s Donald Trump surges in polls of potential 2012 GOP presidential candidates, he's starting to take fire from mainstream Republicans. Karl Rove, the architect of George W. Bush's successful presidential campaigns, called Trump a "joke candidate," and influential conservative commentator Charles Krauthammer says the real estate magnate and reality TV star is the "Al Sharpton of the Republican Party — provocateur and clown, unserious." Krauthammer says Sharpton hurt Democrats with his 2004 presidential run, and Trump will do the same to Republicans, by using his celebrity and "irrelevant" issues — like Obama's birthplace — to distract attention from serious issues and candidates. Does he have a point?
Yes, Trump is the GOP's Sharpton: Krauthammer "is right, of course," says James Joyner at Outside the Beltway. "The only caveat is that Palin and Bachmann are only slightly less hamhanded on the birther issue and other foolishness." If all three of them run, the GOP primaries will be "entertaining, but not exactly illuminating."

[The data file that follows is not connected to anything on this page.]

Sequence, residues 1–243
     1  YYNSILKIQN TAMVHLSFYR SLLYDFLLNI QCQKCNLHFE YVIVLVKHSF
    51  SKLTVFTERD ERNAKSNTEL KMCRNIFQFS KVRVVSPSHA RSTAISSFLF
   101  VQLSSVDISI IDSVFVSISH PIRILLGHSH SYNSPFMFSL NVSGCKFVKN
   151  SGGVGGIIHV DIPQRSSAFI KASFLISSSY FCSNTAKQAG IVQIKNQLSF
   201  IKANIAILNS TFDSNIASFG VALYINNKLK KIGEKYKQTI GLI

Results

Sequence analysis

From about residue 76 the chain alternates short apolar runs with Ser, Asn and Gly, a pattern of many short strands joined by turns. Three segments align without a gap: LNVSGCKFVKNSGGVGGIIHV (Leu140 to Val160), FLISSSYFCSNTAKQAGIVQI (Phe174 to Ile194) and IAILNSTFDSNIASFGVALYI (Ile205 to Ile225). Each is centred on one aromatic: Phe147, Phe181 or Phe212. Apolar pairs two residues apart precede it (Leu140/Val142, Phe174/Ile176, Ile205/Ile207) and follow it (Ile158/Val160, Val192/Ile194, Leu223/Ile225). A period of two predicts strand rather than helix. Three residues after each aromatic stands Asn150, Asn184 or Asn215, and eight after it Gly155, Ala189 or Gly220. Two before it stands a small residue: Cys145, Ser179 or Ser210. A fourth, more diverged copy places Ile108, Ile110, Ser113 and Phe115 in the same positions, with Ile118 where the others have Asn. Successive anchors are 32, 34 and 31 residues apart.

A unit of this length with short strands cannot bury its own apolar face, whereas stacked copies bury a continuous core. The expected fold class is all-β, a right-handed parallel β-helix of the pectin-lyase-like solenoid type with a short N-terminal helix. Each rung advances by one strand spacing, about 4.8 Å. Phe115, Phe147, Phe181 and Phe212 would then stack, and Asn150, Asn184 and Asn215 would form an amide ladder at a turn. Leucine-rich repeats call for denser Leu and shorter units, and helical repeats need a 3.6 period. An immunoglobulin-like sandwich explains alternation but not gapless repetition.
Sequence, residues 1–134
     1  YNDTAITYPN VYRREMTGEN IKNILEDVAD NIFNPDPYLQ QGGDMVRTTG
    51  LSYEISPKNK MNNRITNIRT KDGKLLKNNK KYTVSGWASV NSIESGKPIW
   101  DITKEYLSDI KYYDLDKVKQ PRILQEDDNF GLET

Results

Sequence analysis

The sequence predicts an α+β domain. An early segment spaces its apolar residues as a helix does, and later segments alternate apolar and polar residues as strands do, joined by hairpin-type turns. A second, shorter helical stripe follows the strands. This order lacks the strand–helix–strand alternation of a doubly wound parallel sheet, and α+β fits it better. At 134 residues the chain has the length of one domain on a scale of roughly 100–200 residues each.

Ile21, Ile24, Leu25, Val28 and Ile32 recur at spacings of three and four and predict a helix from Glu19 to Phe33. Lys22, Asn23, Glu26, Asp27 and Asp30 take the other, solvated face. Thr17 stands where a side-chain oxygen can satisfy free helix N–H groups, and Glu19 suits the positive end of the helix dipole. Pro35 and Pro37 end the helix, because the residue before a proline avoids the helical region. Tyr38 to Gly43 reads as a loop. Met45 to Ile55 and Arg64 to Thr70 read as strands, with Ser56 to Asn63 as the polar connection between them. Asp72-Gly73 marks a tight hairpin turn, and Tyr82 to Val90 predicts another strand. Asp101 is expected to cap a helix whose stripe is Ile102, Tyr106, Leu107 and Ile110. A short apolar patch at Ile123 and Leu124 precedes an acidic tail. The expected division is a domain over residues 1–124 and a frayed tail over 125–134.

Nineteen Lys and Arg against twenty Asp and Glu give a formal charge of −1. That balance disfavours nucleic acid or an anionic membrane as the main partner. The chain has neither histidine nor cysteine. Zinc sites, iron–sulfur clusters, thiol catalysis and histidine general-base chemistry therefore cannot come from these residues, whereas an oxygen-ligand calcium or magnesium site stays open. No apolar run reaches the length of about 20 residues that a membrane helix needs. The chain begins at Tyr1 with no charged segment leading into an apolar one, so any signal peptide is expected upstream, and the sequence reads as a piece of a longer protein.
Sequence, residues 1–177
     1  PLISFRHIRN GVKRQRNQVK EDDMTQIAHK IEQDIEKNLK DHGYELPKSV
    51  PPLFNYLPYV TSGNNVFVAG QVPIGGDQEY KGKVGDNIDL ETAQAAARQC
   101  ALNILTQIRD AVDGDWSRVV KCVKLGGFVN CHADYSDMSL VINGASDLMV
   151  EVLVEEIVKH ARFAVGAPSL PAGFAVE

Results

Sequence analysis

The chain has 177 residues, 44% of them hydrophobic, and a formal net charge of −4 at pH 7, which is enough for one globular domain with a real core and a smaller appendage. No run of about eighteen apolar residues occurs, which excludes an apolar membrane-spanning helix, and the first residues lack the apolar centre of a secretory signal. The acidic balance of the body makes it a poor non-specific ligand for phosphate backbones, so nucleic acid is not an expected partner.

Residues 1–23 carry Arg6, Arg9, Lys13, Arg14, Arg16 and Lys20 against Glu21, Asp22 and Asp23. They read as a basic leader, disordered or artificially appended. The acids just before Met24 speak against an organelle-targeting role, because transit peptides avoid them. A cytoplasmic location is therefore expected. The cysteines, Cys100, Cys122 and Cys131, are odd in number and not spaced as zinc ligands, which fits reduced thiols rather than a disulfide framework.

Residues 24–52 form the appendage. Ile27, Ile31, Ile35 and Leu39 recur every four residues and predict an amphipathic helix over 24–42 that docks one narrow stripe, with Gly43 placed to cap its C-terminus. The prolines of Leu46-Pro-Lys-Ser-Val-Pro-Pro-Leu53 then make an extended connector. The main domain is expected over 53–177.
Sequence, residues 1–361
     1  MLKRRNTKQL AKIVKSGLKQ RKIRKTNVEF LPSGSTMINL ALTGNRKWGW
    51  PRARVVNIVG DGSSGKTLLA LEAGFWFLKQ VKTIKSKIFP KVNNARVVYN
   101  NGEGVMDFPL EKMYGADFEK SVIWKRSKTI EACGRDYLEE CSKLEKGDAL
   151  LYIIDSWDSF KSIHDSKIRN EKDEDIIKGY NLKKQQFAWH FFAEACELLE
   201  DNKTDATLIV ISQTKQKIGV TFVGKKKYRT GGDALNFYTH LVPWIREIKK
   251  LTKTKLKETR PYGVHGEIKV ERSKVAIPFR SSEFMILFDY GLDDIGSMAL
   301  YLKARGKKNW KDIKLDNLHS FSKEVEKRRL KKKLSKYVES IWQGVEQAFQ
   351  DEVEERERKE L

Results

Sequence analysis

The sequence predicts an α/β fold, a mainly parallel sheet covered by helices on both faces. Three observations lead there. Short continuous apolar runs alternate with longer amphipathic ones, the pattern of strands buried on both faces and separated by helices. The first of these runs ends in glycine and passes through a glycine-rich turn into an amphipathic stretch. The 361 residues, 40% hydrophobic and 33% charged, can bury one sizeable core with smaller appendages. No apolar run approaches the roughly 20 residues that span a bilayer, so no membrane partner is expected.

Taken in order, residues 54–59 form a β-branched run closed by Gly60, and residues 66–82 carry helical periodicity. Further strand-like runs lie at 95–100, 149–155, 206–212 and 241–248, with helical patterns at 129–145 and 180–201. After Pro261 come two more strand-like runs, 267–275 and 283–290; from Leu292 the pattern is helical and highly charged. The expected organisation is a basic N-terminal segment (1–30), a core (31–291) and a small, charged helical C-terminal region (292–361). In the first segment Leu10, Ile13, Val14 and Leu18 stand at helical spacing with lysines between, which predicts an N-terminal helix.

"Krauthammer: Trump GOP's Al Sharpton"
No, Trump is worse: There's no real evidence that Sharpton hurt John Kerry's chances in 2004, says Allahpundit at Hot Air. "Trump is more of a concern because he specializes in a fringe issue" — the stubborn belief that President Obama was not born in the U.S. — "that'll put the rest of the field on the spot." Still, it should be easy enough that Trump's "more 'substantive' positions, like starting a trade war with China," are just plain "nutty."
"Krauthammer: Trump is the Al Sharpton of the GOP"
Actually, Trump is more like Rudy Giuliani: In 2008, the mainstream GOP shunned former New York City Mayor Rudy Giuliani over his liberal record on social issues, says Steve Kornacki at Salon. Trump has at least as much "ideological and personal baggage" as Rudy. And this Sharpton crack by Krauthammer, who has already helped marginalize Sarah Palin, is only the beginning of a push to sour GOP voters on The Donald.
"Is the right (finally) turning on Trump?"
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